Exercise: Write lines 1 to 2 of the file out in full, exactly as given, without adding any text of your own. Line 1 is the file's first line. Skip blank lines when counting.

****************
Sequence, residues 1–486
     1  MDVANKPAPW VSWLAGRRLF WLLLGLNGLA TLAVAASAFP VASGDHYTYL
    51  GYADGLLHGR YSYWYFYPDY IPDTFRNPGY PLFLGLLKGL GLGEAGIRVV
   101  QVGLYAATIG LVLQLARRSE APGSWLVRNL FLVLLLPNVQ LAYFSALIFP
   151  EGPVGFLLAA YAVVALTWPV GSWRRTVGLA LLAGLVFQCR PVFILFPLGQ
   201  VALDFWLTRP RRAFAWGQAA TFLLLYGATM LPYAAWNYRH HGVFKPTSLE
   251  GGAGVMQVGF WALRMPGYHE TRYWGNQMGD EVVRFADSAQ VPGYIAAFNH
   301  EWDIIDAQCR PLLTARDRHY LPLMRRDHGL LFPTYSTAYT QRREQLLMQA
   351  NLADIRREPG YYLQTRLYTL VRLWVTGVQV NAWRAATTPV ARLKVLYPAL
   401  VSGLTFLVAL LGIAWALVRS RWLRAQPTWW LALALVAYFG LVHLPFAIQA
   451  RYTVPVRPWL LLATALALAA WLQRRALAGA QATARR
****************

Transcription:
Sequence, residues 1–486
     1  MDVANKPAPW VSWLAGRRLF WLLLGLNGLA TLAVAASAFP VASGDHYTYL